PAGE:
the college itself, you had the coaches itself. and by that i say, it all falls under the umbrella of the ncaa, which is an invisible form of mythology in the world you're talking about. so all this happened, you know, at once. we have seen isolated cases, stephanie, of these things happening before. so i was very shocked at how deep it is. and then you have the justice department that is investigating here. this is for real. >> this is a reminder that sports is all about big money. you actually hired the adidas executive involve in this back in the '90s. what is he like? >> he's a wonderful, he has a kid there and i went to his wedding. he was a great high school coach in new york city. and i think he's in the hall of fame. so i have a deep relation with
the family and jimmy. so i was shocked and hurt. and i don't know what -- i as a person could say nothing but good things about him. >> do you think more coaches and colleges will get involved in this as the investigation gets deeper and wider? >> my opinion with no fact to it, stephanie, would be there are a couple more things that are going to happen in this case. and getting familiar with the law and all that sort of stuff in a small way, but this isn't the whole ball of wax, so to speak. the justice department has other things going, i believe, but i don't know that for a fact. there are other names and schools involved, yes. >> this is deep and it's corrupt. sonny, thank you so much for joining me this morning. i really appreciate it. >> i appreciate it also. thank you very much. >> thank you. that wraps us up for this hour.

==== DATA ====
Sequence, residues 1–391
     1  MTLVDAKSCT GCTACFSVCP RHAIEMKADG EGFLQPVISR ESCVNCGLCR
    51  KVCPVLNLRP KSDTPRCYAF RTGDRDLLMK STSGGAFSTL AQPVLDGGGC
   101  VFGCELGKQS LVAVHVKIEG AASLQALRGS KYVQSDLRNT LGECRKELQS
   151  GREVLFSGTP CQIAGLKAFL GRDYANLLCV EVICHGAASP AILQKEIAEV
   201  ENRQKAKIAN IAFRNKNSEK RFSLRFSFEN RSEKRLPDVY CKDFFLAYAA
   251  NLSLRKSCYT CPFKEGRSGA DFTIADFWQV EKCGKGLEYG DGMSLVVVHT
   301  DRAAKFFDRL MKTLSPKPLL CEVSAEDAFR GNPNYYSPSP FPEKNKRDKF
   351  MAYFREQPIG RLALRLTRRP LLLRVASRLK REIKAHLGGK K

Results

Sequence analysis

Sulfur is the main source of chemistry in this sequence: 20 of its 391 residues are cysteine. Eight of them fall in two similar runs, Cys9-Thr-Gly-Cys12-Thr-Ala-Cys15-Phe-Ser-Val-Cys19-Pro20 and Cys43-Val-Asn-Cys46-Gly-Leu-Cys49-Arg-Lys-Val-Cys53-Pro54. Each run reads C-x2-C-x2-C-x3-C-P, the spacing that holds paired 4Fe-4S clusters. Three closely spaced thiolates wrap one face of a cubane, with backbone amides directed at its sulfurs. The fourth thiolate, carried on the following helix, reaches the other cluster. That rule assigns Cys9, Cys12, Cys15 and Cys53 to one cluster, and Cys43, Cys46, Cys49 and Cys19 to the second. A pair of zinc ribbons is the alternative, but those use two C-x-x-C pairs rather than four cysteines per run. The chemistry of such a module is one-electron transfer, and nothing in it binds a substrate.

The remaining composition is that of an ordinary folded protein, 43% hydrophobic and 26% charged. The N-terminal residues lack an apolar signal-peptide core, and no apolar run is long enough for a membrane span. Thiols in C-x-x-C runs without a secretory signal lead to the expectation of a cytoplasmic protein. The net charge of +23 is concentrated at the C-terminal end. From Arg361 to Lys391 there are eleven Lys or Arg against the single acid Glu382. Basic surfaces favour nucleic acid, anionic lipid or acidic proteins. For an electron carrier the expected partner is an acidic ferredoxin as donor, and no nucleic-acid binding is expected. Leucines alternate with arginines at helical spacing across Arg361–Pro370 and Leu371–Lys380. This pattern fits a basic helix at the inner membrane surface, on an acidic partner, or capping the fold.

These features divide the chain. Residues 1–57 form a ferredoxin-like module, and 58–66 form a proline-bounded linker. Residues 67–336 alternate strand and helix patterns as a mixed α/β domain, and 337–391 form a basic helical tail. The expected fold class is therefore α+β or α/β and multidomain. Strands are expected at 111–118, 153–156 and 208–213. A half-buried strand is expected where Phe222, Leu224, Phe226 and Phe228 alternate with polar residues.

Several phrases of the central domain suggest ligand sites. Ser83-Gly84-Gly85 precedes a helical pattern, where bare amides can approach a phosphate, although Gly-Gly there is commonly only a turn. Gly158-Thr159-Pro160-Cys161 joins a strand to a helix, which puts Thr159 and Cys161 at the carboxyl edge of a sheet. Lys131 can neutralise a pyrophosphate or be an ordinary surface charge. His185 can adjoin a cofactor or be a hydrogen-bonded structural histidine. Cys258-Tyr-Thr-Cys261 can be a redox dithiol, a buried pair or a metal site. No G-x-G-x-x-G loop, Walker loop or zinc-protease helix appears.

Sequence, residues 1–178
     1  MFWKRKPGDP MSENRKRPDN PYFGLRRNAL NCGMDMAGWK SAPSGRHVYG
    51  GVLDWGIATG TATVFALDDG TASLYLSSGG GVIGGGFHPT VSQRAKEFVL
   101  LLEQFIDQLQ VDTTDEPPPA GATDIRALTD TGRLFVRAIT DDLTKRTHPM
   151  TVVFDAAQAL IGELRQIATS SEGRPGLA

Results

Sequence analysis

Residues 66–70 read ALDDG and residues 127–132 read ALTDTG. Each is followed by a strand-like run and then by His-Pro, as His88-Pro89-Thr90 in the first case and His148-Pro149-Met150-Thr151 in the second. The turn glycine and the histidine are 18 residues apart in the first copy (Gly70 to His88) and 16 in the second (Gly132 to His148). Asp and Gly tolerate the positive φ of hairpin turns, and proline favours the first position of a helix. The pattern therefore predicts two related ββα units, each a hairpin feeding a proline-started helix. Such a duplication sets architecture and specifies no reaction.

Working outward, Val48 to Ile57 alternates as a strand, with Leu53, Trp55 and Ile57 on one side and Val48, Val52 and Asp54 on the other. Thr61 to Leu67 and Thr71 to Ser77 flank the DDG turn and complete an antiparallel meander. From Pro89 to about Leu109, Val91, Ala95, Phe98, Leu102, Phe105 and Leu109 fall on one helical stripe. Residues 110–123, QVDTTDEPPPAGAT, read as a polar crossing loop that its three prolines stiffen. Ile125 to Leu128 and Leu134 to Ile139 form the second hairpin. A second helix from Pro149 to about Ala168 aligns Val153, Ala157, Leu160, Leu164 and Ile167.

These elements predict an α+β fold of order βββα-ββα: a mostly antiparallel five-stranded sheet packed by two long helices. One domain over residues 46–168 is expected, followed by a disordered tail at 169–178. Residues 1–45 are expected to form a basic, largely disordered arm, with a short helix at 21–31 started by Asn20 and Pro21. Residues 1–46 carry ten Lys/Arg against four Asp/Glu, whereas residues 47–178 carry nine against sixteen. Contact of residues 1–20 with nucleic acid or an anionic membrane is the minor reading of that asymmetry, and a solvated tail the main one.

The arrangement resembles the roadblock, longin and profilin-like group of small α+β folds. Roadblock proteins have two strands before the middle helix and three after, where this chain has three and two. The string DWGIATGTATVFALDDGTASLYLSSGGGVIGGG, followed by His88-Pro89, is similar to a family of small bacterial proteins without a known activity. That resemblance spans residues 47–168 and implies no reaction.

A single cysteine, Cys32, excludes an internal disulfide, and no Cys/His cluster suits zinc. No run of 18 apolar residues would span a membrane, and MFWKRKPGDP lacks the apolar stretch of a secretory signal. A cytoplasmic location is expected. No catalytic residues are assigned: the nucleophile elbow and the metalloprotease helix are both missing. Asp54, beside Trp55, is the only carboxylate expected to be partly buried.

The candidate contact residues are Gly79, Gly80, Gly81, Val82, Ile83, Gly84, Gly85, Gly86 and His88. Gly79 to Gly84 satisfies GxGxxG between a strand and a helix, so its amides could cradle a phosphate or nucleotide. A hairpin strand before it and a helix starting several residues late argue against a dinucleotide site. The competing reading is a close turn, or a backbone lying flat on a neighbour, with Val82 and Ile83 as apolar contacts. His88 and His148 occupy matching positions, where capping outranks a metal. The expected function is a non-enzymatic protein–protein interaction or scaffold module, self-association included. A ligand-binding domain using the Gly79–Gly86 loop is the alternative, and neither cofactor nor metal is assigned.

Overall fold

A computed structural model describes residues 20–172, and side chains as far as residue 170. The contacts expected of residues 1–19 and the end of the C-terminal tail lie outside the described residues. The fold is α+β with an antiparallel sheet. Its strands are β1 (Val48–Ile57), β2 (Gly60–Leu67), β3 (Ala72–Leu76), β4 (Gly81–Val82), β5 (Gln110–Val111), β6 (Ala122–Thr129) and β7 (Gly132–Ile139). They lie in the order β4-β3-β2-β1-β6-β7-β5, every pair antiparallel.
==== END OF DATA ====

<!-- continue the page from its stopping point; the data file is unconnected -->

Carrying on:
i'm stephanie ruhle. coming up right now, more news with stephanie jackson. >> stephanie, don't go far because we are talking about republicans in washington waking one a hangover for the establishment. looking around going, did last night really happen? and what does it mean for party leaders after alabama put the so-called outsider and not the president's pick closer to being inside the senate. president trump's trying to act like he never actually backed the other guy, doing a little twitter tweaking, but nothing is ever really deleted online. not even endorsements for luther strange, as the president moves on, not just from strange but from the health care crash and burn turning to taxes. with three months left to try to squeeze some success legislatively out of 2017. we have a first look at this republican tax framework. that's coming up in one minute. but we cannot and will not forget the crisis in puerto rico. more than a million people don't have water to drink. san juan's mayor says they are gasping for air, begging for